Merton On Freedom


When I was crude dust, you imparted your breath.

When I awoke flesh, you handed me freedom.

When I rebuffed boundaries, you offered me grace.

A trinity of gifts, an eternal embrace.

Conscience is the soul of freedom, its eyes, its energy, its life. Without conscience, freedom never knows what to do with itself. And a rational being who does not know what to do with himself finds the tedium of life unbearable.

Just as love does not find its fulfillment merely in loving blindly, so freedom wastes away when it merely “acts freely” without any purpose – Thomas Merton


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Goats And Sheep


If I should find you lying on the side of the road,

With bruises, and cuts, and blood, and filth,

And I turn away from the stench of you,

I will have become as if your assassin

You will stand up as if my accuser

In those moments of choosing,

A chasm both left and right,

Will separate fake words,

From our true works,

As we then scatter

Like dead seeds

After a blast.



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Merton On Detachment, Briefly


If you wish to find another man’s soul,

Engage him with your strengths.

If you wish to test another man’s soul,

Confess to him your weaknesses.

If you wish to scrutinize your own soul,

Indulge neither your strengths

Nor your weaknesses.

We do not detach ourselves from things in order to attach ourselves to God, but rather we become detached from ourselves in order to see and use all things in and for God – Thomas Merton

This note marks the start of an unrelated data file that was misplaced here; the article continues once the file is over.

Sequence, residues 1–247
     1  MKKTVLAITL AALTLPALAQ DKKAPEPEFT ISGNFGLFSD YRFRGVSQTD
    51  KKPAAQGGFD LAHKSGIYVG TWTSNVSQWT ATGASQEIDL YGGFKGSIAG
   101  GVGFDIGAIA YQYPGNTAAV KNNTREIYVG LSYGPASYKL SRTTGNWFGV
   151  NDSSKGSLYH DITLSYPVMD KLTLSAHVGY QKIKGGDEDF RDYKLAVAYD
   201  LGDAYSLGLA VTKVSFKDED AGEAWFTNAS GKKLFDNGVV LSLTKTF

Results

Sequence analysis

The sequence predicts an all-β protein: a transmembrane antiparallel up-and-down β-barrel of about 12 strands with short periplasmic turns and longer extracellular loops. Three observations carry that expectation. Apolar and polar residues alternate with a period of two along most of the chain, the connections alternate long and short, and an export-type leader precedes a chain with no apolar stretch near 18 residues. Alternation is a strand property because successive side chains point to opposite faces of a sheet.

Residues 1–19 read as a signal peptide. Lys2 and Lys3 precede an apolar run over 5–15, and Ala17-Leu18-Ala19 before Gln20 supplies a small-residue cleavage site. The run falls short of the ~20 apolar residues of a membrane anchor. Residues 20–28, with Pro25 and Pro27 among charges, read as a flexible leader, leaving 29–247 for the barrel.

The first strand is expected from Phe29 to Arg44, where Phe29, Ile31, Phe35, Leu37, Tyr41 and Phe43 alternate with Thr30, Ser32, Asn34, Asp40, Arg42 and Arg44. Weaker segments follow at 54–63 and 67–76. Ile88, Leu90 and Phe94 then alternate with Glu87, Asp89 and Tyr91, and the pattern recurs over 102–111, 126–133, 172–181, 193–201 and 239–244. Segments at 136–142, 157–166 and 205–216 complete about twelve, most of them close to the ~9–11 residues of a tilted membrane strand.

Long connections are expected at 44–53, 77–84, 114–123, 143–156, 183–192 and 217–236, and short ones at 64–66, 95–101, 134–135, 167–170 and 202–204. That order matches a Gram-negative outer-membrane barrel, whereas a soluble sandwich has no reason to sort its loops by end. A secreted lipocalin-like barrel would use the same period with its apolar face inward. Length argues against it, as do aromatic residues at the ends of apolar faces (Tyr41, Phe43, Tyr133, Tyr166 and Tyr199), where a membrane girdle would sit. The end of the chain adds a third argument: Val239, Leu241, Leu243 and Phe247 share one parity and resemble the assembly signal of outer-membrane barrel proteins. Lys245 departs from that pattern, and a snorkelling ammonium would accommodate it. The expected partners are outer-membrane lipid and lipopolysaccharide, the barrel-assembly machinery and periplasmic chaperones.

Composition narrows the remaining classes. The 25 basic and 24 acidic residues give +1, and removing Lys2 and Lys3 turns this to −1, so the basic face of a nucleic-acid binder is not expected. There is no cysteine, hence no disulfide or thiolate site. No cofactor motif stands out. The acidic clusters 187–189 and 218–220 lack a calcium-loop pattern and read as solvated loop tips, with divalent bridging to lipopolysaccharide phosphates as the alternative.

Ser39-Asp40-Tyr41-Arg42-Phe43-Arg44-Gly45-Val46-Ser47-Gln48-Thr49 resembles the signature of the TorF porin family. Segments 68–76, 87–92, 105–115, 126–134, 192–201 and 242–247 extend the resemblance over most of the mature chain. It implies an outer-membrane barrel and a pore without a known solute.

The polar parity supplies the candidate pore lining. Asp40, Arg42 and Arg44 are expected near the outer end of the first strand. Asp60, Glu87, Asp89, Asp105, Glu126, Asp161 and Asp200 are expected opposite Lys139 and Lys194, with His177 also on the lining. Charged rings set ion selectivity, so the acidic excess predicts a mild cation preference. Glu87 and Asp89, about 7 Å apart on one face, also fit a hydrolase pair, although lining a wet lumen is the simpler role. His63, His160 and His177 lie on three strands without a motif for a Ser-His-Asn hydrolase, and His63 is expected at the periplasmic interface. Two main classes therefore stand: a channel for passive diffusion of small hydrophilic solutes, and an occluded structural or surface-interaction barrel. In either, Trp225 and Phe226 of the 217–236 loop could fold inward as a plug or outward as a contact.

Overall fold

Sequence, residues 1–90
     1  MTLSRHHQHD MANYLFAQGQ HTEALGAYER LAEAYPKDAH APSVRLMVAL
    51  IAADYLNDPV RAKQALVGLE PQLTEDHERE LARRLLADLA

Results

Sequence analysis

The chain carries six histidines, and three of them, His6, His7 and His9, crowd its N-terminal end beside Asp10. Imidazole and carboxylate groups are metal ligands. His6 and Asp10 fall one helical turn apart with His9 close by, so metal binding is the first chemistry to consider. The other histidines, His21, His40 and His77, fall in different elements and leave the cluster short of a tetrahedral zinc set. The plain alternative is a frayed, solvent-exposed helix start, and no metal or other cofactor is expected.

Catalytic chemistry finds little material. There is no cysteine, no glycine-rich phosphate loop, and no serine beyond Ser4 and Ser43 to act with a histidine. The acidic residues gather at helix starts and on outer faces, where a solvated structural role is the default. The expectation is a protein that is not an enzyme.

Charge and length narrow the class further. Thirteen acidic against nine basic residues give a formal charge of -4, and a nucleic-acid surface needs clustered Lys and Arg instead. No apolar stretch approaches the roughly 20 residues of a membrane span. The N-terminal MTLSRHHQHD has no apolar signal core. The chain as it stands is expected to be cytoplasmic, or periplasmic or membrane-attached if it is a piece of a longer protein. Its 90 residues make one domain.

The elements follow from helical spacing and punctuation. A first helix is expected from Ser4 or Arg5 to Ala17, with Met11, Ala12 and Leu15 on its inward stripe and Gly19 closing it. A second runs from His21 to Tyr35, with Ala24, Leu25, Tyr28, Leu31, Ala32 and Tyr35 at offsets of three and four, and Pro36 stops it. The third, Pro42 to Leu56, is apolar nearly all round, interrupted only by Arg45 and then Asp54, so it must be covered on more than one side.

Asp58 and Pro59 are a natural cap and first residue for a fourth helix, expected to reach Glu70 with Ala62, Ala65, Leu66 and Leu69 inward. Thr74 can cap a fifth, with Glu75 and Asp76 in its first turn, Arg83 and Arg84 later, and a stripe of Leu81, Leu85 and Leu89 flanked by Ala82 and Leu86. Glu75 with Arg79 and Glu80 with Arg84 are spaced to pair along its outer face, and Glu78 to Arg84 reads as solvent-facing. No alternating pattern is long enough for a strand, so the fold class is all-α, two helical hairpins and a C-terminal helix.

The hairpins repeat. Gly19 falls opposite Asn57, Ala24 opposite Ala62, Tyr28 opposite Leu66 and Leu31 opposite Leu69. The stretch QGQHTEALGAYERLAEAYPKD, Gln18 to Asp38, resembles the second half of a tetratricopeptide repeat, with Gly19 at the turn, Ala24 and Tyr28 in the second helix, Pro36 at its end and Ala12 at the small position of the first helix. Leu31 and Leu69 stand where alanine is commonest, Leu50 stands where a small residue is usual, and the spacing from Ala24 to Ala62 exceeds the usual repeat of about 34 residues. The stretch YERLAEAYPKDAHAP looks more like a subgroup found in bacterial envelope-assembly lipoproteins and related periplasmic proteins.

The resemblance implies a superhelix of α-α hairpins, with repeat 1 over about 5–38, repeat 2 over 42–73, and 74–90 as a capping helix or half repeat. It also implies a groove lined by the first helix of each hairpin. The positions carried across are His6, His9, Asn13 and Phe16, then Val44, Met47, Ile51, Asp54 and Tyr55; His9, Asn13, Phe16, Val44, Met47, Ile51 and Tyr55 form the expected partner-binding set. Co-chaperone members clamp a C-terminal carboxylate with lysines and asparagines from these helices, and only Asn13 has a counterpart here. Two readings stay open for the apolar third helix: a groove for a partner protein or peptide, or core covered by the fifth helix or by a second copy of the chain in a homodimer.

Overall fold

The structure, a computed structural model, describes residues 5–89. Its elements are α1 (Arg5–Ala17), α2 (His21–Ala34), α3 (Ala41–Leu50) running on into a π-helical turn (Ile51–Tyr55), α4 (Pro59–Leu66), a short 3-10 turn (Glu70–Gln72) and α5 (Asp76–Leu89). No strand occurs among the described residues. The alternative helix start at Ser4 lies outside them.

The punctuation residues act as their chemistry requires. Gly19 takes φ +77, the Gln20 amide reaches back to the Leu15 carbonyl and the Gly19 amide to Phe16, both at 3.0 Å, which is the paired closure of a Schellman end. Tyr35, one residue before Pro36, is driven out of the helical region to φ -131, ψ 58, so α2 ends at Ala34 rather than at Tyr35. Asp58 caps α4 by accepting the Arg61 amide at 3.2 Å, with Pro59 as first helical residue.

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Merton: Simple And Secure


Late winter storm Stella hit the Northeast overnight and, even as I write, is in full force.

Stella is still blasting away, causing massive disruptions in my little corner of the world.

And yet, peaceful distractedness abounds.

There is something unspeakably gorgeous about an unexpected (and imposed) day away from the cares of the world, listening only to the wind, not the ringing of some blasted telephone or the constant ding that accompanies each new email.

My heart races with excitement, not anxiety.

I sit and write, watching the snow and freezing rain fall rapidly, erecting little piles of white and glazed purity everywhere – at least for now.

Time for some mindfulness from Thomas Merton

At such times, walking down a street, sweeping a floor, washing dishes, hoeing beans, reading a book, taking a stroll in the woods — all can be enriched with contemplation and with the obscure sense of the presence of God. This contemplation is all the more pure in that one does not ‘look’ to see if it is there.

Such ‘walking with God’ is one of the simplest and most secure ways of living a life of prayer, and one of the safest. It never attracts anybody’s attention, least of all the attention of him who lives it. And he soon learns not to want to see anything special in himself

I am grateful for today’s compelled opportunity.


Copyright 2017 (my verses)

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The Watching


The old man thought no one could see him.

Not when he stole a can of tuna from the market.

Not when he tricked the young boy out of his savings.

Not when he died all alone on the filthy streets of the city.

But it turned out that the old man was wrong, mostly.

Someone saw what he did that day in the market.

Someone saw how he swindled that young boy.

Someone watched over him as he lay, dying.


A wounded hand.

A welcoming kiss.

A final step home.


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The Guardian


On a busy Manhattan street corner, just outside of a small, trendy brownstone apartment building, the old beggar pleaded with the young man who was on his way to an important business meeting.

“Son, I need something to eat, can you spare a dollar?”

Not wanting to be thought heartless, the young man, not more than 25 or 30 years old, searched his pockets. He found 35 cents among his change – a quarter and a dime.

The young man tossed the two coins at the old man, who gratefully accepted them. The old man blessed the young one.

The young man, somewhat irritated, mumbled a halfhearted “thank you” and went on his way.